The Belt and Road Initiative
The Belt and Road Initiative (BRI), conceived in 2013 by China's President Xi Jinping, is history’s largest infrastructure and trade route build out. While the BRI has been conceived, financed and largely built by China, its coverage is global and includes around 70 countries amounting to roughly 55% of global GNP, 70% of global population, and 75% of the world's energy resources. No time frame for the BRI has yet been specified which makes gauging its size challenging; and estimates vary widely from US$1 trillion up to US$8 trillion.
At its core, the BRI is the construction of hard infrastructure - roads, rail, airports, ports and economic zones - across developing countries around the world. It comprises two major component parts: the Silk Road Economic Belt and the 21st Century Maritime Silk Road. The former refers to an overland route through the Eurasian land mass while the latter refers to a sea route extending through the East and South China Seas, Indian Ocean and up through the Suez Canal into the Mediterranean Sea.
How should we make sense of the BRI? Some say it is a vision. They invoke the romantic sentiment of the Ancient Silk Road that stretched from China to the Middle East and say that the BRI offers a comparable vision that fosters globalisation and catalyses economic growth in a world facing a growing number of uncertainties. Others see the BRI as a strategy; a geopolitical strategy that facilitates China's rise to the international stage. They argue that the economic forces behind the initiative are intentionally designed to reshape the world order in China's favour.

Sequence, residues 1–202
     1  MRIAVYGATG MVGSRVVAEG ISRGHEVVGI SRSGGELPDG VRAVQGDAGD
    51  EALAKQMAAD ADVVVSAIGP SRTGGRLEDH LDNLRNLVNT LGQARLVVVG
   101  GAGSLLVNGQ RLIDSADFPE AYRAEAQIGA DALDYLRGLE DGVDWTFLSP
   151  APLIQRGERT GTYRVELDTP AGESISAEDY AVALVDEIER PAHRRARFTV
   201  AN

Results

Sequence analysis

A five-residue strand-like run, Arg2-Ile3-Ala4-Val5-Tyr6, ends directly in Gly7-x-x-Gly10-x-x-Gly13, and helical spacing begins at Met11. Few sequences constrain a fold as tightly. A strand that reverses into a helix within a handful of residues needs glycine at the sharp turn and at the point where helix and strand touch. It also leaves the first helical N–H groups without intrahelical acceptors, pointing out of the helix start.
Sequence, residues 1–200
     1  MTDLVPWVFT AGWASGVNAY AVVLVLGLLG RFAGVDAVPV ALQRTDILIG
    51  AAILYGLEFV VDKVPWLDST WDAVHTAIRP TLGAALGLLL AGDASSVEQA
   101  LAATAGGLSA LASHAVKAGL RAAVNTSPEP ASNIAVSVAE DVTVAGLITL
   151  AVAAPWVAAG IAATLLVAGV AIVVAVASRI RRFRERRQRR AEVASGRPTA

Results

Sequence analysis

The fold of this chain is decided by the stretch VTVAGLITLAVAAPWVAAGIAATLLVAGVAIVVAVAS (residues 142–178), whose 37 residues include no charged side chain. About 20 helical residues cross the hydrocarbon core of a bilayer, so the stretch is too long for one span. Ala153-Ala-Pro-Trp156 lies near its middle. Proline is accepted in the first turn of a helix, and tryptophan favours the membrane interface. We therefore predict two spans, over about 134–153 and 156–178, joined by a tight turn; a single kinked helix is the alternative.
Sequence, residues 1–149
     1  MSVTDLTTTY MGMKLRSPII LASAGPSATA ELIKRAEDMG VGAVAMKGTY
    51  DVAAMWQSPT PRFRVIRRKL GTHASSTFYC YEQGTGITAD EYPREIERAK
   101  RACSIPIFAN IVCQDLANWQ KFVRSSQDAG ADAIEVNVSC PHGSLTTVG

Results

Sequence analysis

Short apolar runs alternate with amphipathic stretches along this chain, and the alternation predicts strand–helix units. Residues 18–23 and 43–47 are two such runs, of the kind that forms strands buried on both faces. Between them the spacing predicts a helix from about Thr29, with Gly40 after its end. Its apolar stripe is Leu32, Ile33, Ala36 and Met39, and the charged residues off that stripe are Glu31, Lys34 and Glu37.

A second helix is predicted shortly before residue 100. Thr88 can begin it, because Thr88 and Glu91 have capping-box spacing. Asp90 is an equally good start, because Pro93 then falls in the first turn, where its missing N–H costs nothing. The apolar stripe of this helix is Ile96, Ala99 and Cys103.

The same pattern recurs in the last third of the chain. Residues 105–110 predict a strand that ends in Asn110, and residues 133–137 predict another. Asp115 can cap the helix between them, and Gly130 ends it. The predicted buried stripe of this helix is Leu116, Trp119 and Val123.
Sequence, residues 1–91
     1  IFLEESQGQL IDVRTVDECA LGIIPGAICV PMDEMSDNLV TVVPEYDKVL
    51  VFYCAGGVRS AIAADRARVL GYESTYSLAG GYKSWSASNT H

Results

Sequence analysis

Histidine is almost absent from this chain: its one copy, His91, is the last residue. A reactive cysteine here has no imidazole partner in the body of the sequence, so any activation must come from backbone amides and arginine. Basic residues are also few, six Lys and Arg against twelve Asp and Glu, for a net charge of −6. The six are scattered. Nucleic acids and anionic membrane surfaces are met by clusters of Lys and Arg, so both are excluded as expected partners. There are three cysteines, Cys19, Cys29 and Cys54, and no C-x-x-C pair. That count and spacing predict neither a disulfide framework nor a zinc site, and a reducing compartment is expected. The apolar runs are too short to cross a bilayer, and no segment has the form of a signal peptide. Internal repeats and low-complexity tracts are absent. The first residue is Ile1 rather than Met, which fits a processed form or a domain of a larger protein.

Neither of the above interpretations is strictly correct. But what can be said, is that the BRI is a process. In its first five years, the BRI has progressed through an evolutionary process, and we have seen its metamorphosis from an initiative solely focused on infrastructure to one which now also incorporates industry, technology, cultural, societal and environmental components. At the same time, the BRI has been increasing its geographical scope by shifting its focus from the historic Silk Road region to the entire globe. Chinese policy makers have also been setting increasingly ambitious goals for BRI; from economic development to constructing a community of “shared destiny for all mankind”. As a result, the only constant BRI has exhibited is its propensity to effect change.
Following the enshrinement of the BRI in the Chinese Communist Party Constitution in 2017 and the removal of presidential term limits in 2018, what is clear is that the BRI is here to stay. It has now become China’s flagship initiative through which it views its interactions with the world.
This timeline summarises some of the key developments: